The moderator, Mr Andreas Klasen (Head of Institute for Trade and Innovation (IfTI), Offenburg University), started the session by reading a statement on behalf of the director of the International Islamic Trade Finance Corporation (ITFC), highlighting the important role that trade plays in economic growth and development, and explaining the mission of the ITFC. He emphasised that the use of technology in global value chains (GVCs) is able to support agriculture, by facilitating transportation and traceability; reducing information and coordination constraints; and reducing the cost of trade.
Klasen asked Mr Torbjörn Fredriksson (Chief, ICT Policy Section, United Nations Conference for Trade and Development (UNCTAD)) to comment on the impact of digitisation on GVCs. Fredriksson started by highlighting the importance of the agriculture sector in many developing countries. According to him, there are three types of digitisation:
- Thin integration, which is the use of digital technology facilitation for better coordination of the GVCs. However, it does not deeply transform the activity (e.g. use of e-mail, mobile, spreadsheets by actors).
- Platform-based integration applied to price dissemination. In this case, ICTs support the dissemination of information in agricultural exchanges. They tend to be more successful when they offer additional access to a broader range of services, and capacity building assistance.
- Full digital integration, which means creating data-driven value chains. It enables easy tracking of payment and risk of frauds, among other benefits. However, there is need for more research on the effects of these practices on inclusion. Trade unions, co-operatives, and other actors may be displaced in a scenario of full digital integration. Capacity building, training and technical assistance are necessary to avoid exclusion.
Mr Daniel Annerose (CEO, Manobi), stressed the need for not only market data collection, but the know-how to utilise data solutions to increase value in agriculture GVCs. In a chain, it is important that every player is known. There is scant data on farmers, how they produce, and their challenges for example. Data needs to be appropriated and used in a way that can specifically help the agriculture sector in least developed countries (LDCs).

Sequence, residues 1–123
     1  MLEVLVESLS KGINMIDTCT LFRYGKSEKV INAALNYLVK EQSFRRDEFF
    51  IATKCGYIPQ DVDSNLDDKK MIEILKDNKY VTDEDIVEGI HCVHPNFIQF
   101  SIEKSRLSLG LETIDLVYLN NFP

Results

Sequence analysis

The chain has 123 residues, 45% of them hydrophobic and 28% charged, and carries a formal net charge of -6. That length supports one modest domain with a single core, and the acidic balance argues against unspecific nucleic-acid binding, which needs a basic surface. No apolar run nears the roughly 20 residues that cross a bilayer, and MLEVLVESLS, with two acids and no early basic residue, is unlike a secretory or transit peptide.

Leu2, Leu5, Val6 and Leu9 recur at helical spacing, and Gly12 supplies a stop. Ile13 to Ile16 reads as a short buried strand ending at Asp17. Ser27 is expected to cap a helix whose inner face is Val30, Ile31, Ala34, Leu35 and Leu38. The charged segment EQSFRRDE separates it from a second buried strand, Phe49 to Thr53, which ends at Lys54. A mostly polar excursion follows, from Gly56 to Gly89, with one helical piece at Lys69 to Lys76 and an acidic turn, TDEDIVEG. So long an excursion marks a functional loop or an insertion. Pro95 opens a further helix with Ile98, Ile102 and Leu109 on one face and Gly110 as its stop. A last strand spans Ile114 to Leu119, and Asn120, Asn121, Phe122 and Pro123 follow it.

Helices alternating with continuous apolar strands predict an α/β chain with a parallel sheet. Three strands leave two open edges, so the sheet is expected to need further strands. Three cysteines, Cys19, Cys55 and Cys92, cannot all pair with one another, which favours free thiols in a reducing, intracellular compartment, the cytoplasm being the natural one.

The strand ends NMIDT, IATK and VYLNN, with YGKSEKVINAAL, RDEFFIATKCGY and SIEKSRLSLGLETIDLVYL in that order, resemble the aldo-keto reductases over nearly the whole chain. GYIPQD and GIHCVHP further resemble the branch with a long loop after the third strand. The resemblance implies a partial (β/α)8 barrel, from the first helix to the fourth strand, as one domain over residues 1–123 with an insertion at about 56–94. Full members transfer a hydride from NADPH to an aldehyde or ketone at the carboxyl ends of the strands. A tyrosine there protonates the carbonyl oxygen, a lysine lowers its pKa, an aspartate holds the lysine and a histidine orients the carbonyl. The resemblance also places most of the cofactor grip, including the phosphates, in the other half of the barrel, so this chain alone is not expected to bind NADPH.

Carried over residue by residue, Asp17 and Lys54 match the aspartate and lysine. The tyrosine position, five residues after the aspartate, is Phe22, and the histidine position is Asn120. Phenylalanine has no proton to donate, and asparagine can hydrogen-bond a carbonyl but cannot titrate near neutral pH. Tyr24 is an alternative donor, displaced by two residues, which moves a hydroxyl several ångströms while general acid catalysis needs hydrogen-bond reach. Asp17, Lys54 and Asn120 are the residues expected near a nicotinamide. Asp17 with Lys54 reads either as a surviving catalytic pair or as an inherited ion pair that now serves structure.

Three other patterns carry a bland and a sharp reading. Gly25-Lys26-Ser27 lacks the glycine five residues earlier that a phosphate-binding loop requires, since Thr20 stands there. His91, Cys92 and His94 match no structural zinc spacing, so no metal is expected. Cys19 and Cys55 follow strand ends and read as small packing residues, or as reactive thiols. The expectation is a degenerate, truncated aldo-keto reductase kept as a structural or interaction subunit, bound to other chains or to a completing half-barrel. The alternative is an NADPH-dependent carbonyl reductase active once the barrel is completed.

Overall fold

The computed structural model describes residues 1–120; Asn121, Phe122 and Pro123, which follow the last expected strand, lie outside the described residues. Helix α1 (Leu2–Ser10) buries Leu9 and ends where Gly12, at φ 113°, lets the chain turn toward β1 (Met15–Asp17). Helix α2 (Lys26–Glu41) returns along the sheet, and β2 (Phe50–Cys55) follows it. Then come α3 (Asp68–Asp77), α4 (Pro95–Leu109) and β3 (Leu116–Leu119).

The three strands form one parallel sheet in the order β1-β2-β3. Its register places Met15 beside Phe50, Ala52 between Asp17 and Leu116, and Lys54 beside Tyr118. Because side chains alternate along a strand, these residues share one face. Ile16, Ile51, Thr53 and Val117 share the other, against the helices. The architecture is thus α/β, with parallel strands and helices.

An ITFC representative from the audience explained the mission of the organisation, which is to provide instruments to finance trade. Finance of agriculture represents 12% of the portfolio of the bank. However, some years ago, the ITFC mutated into a trade solution institution, that promotes trade development activities. Topics of interest to the ITFC's include: ways to improve agriculture and increase the volume of trade through collection of data, precision farming, and geo-mapping. He also spoke of the soil-mapping exercise conducted in five countries with the support of the ITFC.
Mr Henry Monceau (Permanent Observer of the Organisation Internationale de la Francophonie to the United Nations Office in Geneva), addressed the importance of technology for development. He highlighted that technology has broken down thematic compartmentalisation and silos, creating challenges. Developing countries also face difficulties storing data, and extracting value from it locally. Africa has a low retention capacity, and treats data in the regional level, for example.
Dr Ratnakar Adhikari (Executive Director, Executive Secretariat for the EIF), commented on the possibilities technology creates to positively transform the lives of farmers. Unfortunately, it is still developed countries that are reaping most of the benefits. For developing countries, there are challenges that need to be overcome, such as infrastructure, logistics, trade facilitation methods, payment solutions, and skills limitations.